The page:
Today’s post is by Maximilian Reid, a Webster University alumni and entrepreneur. He talks about what happens when we are judged for our creativity. The wisdom Maximilian gained from his loss shows us all that our work is valuable , that our prayers matter, and that we must keep the faith, no matter if that faith is in God, ourselves, or just in the stories we create.
My greatest regret in life was my decision to destroy my hand-drawn Pokemon Encyclopedia in the 7th grade.
When I was in middle school, I was so enamored with the magical, monster-filled world of Pokemon that I dreamed up new creatures with fabulous powers and fitting names. I had so many ideas that I just had to write them down and draw them out. I acquired a stack of colorful construction paper and a handful of fresh pens. I picked a spot on the floor and I created.
Not a naturally gifted artist, I mustered every ounce of concentration into perfecting the details on each of my imaginary creatures. I drew a dragon-type Pokemon with a body as large as a skyscraper and a mouth as wide as a cave. I wrote a scientific description of a new type of Pikachu. I documented the mesmerizing behaviors of my Ghost types and outlined the weaknesses of my Robot types, and I bound the multi-colored pages together into a book. I knew it was a book because I stapled the papers three times on the left. On the cover, I wrote the title in large, bold words: “Pokemon Encyclopedia by Max Reid”.
As I gazed upon my completed masterpiece, a shiver coursed through my body and made the tiny hairs on my arms stand on end. I had just written my first book. It had a title, it said it was by Max Reid, and it was 30 pages long. Pages. I wrote something with turnable pages.
I felt I had made something wonderful and original, and I had to share my book with my friends. I brought the Pokemon Encyclopedia to school the morning after I finished it.
“Look what I made!” I said to my classmates. “It’s a Pokemon Encyclopedia. It took me weeks to make. Look!”
I handed my book to a classmate, and he swiped through the pages too quickly to read through the powers and origins of each creature.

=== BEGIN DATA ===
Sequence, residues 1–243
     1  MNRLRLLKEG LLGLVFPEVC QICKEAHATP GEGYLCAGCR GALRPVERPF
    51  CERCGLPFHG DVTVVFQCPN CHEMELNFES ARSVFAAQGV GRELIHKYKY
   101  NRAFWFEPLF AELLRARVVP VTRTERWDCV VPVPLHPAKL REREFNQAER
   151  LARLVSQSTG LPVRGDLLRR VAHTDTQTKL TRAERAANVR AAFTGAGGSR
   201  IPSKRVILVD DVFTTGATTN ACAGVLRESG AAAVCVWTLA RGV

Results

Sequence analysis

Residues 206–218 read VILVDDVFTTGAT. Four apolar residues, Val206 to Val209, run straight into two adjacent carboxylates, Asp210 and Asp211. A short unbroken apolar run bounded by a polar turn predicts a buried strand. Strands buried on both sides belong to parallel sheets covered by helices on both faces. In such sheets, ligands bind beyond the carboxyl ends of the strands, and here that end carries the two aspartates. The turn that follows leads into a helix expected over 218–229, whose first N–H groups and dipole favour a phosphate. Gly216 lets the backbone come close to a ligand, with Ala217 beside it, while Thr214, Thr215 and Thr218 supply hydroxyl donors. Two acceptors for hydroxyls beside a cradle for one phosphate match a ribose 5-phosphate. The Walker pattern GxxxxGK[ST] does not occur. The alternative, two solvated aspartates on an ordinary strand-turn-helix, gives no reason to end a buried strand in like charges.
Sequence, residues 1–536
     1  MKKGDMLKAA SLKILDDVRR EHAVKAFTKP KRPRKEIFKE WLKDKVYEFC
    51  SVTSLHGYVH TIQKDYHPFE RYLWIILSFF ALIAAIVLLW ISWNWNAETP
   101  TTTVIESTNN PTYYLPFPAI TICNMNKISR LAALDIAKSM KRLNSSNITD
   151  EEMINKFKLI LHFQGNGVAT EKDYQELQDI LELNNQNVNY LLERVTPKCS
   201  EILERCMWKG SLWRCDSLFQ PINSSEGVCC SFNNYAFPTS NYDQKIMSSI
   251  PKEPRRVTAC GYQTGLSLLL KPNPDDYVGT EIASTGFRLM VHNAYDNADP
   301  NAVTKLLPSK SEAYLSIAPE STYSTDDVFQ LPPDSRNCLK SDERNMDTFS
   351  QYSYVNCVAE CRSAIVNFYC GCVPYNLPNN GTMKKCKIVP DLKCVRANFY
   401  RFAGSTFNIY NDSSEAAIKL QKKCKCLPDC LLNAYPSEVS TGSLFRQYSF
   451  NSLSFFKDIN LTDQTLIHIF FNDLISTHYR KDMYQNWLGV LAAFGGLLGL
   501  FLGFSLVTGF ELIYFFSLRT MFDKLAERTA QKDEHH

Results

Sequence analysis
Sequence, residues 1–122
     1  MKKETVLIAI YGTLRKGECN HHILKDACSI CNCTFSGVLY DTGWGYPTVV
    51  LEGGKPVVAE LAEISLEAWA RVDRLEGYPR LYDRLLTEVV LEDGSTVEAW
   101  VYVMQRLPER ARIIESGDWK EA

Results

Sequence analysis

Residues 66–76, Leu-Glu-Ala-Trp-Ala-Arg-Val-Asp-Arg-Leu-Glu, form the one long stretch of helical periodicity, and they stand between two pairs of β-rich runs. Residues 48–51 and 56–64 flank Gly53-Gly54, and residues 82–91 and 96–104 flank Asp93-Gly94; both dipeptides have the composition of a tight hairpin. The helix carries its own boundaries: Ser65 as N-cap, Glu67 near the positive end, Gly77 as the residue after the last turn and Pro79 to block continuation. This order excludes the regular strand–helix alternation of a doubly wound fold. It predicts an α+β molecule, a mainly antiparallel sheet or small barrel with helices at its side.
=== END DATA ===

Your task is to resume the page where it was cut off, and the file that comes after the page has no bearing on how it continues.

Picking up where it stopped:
“What?” he said. “You still think Pokemon is cool? And you made your own? ”
“Your drawings kinda suck.”
“Why would you make Pikachu transform into that?”
I was lonely, and I didn’t want to be the weird kid. So I shrugged and took my book back.
“Yeah, it is kind of crappy. I made this, like, two years ago. I don’t like it either.”
When I got home, I took the Pokemon Encyclopedia out of my backpack and flipped through a few pages. I just wanted one last look. I took the book to the kitchen sink and held my Pokemon Encyclopedia under running water, and I rotated it until the ink swirled into a grey whirlpool down the drain. I tore the soggy paper into fist-sized clumps over the kitchen garbage can, and I tamped down the pulp into a mess of discarded credit card offers and utility bill notices.
I didn’t run hot water over all my writings because I had one bad day. I was an adolescent who didn’t adhere to or pick up on social cues very well, desperate to destroy all the things that made me weird and unlikable.
Years later after that painful purge of creative writing, I’ve slowly learned to take pride in my work, to take great care not to crumple a draft or toss out an idea too quickly. I see the stories I choose to tell as an emotional, psychological history in progress. I preserve all my ideas – good and bad, insightful and tasteless – and I read through them from time to time to remind myself of my intellectual roots. During my later teenage years, I kept a binder filled with sheets of paper on which I jotted poems, states of mind, prayers to God, lists of goals, and story ideas.
And I know I’ve since done an awful job of taking on a conventional personality, and for that, at least, I’m proud.
For more of Maximilian’s work check out Les MiseraBaristas on YouTube.